My husband asked for flex-time at work so he could be home in the late afternoon. He gets up early in the mornings so he can be home with time to make dinner or to take the kids out to play. My husband loves to cook and often makes the bulk of our dinners. With three young children still mostly at home and me working part-time from home, he often takes over in the afternoon by planning and making dinner while managing the kids so I can lock myself in the bedroom and finish my work. He doesn’t multi-task effortlessly, but he does it, the same as I do during the breakfast and lunch rush of my daytime activities.

My kids light up when my husband arrives home. They know it’s play time. He lays down on the floor and plays “Robot Dad,” “Chase,” and “Tackle.” They sit on his lap to play video games. They giggle, screech, and beam with joy. They go to the park so often with their dad that the kids christened our park bag, with toys and snacks, the “daddy bag.”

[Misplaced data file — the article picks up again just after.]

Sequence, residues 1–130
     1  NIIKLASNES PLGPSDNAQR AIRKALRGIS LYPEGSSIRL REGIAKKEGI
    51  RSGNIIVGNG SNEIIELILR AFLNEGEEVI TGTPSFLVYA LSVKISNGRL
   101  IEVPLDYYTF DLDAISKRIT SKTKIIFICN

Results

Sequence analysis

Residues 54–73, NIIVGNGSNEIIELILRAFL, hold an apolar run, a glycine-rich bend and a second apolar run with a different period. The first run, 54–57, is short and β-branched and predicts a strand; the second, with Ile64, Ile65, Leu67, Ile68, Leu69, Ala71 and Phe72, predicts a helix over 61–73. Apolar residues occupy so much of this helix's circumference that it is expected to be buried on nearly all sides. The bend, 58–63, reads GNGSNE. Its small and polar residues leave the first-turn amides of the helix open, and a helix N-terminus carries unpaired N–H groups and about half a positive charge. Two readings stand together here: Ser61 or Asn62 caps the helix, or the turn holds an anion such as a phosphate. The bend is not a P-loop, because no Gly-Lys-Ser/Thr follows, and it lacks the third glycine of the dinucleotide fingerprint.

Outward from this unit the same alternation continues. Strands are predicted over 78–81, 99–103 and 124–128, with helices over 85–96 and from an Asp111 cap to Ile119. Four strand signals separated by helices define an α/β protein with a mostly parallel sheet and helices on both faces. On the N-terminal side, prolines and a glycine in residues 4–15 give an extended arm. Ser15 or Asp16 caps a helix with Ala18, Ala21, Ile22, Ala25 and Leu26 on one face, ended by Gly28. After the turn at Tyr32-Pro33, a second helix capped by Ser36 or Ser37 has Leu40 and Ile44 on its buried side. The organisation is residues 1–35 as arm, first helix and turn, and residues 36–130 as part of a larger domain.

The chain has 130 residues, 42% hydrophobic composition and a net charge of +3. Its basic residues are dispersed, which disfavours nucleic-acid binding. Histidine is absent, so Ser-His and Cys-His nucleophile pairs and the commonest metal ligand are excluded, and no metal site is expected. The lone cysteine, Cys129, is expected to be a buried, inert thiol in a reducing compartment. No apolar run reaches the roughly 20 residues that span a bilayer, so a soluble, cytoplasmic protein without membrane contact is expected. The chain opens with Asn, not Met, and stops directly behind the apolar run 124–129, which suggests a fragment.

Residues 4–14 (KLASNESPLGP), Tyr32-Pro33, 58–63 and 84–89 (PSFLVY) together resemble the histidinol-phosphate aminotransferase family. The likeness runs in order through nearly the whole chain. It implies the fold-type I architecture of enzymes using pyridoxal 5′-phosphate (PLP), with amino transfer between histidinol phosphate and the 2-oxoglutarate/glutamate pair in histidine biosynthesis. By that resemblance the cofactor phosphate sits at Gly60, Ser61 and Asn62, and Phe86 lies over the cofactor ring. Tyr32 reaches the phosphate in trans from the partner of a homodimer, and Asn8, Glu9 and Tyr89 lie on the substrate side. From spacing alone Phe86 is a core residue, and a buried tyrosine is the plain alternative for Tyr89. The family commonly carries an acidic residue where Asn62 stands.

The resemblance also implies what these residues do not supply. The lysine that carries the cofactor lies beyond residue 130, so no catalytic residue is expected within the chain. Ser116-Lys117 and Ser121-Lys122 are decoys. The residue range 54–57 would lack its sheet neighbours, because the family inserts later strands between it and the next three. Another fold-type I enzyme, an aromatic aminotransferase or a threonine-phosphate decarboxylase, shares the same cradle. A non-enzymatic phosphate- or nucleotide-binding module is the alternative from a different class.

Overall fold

In the evening, my husband takes either the littlest one or the two big ones, while I take the other option, and reads a few bedtime books. He cuddles, hugs, kisses, and noses each child in the way that they love. They hug first, they give a kiss, and then they brush their noses together. He puts out the bedroom lights, shuts the door, and walks to the kitchen.

Now he’s going to prepare the older kids’ milk cups in the fridge, in the exact place and with the exact cups that they like, so they can get them out in the morning and buy us a few extra minutes of peace. He’ll wash the lunch box containers and set them out so I can pack them on preschool mornings. If it’s Sunday morning, he’ll be packing the sacrament activity bag with snacks, scrubbing a child’s hair with shampoo (he leaves the brushing to me because he is just. so. awkward. at it), and picking out Sunday clothes.